Audio prompts lead to safer driving

Can the use of improved satellite navigation devices actually make driving safer?
31 August 2018


Can the use of improved satellite navigation devices actually make driving safer? Fasten your seatbelts, researchers at Anglia Ruskin University have the answer…

Satellite navigation (sat nav) or global positioning software (GPS), is an invaluable tool for anyone lacking some Ordnance Survey savvy but looking at GPS devices whilst driving is a major contributor to car crashes, regardless of the driver’s experience. This is down to the time spent glancing at the GPS screen instead of the road as well as the distraction of visually processing two different images; the road and the screen. The instinctive urge to glance at the GPS screen from time to time whilst driving may be due to an upcoming road complication, such as a confusing layout, intersection or bend. These are currently not described to the driver by the GPS audio. Information about the road layout ahead is currently only provided by visual road signs to prepare the driver for a reaction if action is required.

Researchers from Anglia Ruskin University have found that adding road hazard signs with complementary audio cues can successfully prepare the driver, leading to faster and more accurate responses to the upcoming change ahead. Their novel results could be implemented into existing in-car GPS devices to make our roads safer by reducing GPS related accidents.

“These devices are so ubiquitous”, says Dr Helen Keyes. “More than 75 % of drivers currently use them. We should be looking at how to use them for road safety not just navigational purposes”.

During testing, 32 experienced drivers were exposed to a prompt which was either a) visual, b) audio or c) both visual and audio. This was then followed by an image of a road scene and the participant had to indicate the turning direction of the road using a keyboard.  The time taken for the participant to register their response and the accuracy of their choice was recorded. From these experiments, the team of scientists found that the time taken to respond to the road image and the accuracy of the direction choice were significantly improved by providing both audio and visual warnings because the simultaneous use of multiple senses allows our brain to process information faster. This exciting finding means our response time can be improved with the provision of audio cues about the nature of the road, making them safer.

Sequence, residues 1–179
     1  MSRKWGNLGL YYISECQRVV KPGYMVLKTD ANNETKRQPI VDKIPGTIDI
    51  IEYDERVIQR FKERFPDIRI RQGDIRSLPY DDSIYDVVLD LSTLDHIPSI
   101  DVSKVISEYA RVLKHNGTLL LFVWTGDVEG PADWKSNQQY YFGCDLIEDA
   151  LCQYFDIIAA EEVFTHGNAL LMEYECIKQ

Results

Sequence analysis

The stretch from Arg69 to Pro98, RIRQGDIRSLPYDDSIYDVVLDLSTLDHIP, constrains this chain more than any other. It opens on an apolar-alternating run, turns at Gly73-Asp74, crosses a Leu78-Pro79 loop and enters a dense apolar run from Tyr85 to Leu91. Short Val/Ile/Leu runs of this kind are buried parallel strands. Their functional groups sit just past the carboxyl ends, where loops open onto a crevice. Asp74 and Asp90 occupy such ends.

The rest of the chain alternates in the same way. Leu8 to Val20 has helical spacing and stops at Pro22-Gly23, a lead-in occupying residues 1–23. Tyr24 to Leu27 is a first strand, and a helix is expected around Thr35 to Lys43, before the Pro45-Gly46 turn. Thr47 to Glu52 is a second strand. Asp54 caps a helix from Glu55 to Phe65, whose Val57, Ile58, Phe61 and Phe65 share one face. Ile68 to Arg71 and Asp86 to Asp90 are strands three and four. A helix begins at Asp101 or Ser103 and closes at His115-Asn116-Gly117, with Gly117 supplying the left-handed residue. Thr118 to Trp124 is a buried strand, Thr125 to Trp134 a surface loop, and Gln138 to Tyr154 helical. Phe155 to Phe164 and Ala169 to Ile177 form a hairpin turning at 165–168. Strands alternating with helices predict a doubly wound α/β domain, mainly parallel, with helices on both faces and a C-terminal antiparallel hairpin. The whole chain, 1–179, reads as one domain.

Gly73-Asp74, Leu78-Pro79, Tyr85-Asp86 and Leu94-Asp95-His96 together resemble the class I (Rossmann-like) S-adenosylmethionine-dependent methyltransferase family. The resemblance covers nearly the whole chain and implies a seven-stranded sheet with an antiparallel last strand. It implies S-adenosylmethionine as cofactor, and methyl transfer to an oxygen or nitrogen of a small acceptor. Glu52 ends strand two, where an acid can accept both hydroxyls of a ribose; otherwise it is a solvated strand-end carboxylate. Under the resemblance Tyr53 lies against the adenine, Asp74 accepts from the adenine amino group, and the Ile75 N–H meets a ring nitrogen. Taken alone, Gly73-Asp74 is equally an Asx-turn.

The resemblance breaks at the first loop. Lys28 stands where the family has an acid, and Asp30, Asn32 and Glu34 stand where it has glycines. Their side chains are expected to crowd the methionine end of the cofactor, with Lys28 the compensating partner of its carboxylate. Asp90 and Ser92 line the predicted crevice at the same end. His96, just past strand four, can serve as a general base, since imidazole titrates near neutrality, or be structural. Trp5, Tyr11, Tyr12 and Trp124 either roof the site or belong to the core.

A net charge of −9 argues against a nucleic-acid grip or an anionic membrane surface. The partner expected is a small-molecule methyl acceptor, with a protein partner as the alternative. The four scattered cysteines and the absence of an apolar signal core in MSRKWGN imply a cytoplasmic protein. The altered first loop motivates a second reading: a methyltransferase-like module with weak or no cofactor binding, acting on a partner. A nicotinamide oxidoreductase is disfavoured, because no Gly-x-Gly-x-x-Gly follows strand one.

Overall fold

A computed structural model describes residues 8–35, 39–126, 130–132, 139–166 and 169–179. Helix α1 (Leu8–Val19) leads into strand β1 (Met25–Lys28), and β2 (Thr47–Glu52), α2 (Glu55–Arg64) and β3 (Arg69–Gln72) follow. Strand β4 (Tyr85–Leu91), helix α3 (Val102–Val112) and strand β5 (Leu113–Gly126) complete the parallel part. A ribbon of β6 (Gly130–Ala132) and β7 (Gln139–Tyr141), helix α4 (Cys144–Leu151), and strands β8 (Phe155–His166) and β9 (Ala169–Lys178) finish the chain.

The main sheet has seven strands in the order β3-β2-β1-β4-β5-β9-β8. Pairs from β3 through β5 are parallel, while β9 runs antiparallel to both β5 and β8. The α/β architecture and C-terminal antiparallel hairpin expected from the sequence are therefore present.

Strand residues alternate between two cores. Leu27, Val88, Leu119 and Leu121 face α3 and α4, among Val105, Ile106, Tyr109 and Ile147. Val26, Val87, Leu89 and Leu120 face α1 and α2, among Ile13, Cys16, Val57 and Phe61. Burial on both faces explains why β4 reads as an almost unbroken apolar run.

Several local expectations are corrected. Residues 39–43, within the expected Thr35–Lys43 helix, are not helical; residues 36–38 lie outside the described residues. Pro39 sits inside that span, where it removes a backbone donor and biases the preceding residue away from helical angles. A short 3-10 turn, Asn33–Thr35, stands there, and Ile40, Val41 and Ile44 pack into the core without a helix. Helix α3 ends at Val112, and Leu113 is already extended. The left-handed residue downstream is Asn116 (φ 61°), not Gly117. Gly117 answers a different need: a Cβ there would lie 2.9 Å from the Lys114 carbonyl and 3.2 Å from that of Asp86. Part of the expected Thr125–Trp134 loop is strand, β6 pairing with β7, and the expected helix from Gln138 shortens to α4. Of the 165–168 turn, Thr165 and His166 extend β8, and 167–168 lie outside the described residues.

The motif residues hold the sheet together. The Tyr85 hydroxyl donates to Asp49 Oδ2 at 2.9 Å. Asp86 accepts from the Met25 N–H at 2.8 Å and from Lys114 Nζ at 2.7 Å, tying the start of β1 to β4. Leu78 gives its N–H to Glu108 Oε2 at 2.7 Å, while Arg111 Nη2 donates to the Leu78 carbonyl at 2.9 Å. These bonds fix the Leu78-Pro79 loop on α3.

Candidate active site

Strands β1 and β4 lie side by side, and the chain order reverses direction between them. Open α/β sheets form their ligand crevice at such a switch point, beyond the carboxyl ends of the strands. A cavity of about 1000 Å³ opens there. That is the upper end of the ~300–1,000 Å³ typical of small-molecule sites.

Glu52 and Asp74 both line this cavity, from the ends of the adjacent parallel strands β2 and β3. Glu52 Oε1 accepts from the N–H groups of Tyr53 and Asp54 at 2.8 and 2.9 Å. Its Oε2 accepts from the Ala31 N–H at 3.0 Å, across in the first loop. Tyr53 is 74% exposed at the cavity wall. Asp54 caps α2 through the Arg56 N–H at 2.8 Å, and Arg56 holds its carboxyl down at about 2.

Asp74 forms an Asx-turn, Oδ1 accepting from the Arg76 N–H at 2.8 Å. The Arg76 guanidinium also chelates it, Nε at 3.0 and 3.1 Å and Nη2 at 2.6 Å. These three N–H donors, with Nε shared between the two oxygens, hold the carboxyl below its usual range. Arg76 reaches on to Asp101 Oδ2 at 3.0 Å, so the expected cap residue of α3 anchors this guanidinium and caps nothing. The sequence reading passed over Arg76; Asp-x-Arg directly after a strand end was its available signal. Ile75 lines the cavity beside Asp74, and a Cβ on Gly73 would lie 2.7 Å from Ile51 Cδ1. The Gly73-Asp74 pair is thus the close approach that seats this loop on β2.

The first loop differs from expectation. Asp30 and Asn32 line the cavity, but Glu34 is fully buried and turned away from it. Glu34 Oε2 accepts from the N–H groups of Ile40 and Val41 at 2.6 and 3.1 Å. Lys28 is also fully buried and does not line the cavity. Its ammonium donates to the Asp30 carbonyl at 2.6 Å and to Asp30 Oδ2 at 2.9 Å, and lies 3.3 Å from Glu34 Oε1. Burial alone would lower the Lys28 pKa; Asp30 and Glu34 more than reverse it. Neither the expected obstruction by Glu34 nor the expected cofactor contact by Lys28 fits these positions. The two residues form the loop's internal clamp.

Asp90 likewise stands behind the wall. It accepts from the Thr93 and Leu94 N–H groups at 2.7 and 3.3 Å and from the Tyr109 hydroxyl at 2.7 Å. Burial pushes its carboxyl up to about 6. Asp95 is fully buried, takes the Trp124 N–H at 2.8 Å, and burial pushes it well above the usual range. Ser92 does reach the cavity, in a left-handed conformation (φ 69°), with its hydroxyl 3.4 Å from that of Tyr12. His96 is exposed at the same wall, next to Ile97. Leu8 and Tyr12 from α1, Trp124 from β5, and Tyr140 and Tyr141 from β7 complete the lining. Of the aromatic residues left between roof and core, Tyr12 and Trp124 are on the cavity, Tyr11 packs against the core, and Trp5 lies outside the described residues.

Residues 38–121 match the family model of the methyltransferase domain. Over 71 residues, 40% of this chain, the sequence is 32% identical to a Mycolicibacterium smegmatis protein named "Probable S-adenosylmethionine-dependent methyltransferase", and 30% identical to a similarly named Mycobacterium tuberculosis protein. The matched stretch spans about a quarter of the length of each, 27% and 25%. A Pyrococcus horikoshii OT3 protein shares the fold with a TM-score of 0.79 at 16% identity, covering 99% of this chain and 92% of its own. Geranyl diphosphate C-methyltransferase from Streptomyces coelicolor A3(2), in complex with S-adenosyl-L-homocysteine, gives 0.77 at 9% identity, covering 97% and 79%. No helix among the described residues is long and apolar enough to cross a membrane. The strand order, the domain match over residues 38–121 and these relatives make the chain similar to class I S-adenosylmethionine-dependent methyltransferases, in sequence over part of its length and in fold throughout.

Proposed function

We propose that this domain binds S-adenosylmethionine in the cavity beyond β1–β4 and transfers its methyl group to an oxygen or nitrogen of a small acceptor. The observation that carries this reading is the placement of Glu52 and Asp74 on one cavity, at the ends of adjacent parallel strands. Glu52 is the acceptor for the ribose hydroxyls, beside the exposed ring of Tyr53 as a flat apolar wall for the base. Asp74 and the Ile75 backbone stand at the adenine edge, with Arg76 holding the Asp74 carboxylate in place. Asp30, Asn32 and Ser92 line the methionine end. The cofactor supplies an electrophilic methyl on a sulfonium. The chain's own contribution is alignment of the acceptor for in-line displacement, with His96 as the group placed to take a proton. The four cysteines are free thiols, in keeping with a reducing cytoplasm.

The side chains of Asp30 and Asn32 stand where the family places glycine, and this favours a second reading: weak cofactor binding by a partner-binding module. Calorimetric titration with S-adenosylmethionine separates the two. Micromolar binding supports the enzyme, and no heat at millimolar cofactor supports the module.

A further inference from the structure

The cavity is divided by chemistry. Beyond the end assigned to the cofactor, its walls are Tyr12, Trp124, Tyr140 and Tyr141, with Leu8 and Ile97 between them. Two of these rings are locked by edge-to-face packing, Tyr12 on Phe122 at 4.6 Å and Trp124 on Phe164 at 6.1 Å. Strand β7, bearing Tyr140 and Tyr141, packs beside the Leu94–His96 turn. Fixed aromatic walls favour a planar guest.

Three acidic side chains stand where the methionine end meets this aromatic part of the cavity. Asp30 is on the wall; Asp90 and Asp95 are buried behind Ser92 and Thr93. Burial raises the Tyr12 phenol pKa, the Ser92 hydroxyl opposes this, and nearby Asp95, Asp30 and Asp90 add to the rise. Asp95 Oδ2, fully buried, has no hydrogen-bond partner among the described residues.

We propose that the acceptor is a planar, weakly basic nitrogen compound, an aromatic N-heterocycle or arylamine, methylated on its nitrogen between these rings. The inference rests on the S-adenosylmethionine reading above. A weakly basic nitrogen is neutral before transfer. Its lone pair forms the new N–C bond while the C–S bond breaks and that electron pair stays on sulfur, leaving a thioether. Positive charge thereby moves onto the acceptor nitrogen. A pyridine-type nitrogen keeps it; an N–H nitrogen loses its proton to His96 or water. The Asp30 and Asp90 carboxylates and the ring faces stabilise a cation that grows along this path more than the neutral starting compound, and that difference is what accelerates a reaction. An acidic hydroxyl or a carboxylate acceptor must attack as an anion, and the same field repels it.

Of course, there is still a significant amount of work to be done before we will be hearing helpful instruction in our sat navs, for example improving the terminology used to describe the roads. In the study, the phrases “turn left” and “turn right” were used in the audio prompting of the road bending. Interestingly however, the use of either audio cue lead to a decrease in response time, possibly as the common word “turn” was sufficient to induce the beneficial effect.

“We need to continue to carry out lab based research to make tweaks that can shave milliseconds off the response time" added Dr Keyes, "then we need test on tracks to see how it works for real world drivers and eventually test on the roads.”

Maybe one day all you will have to do is listen intently to the chatty sat nav and hopefully it won’t drive you mad!


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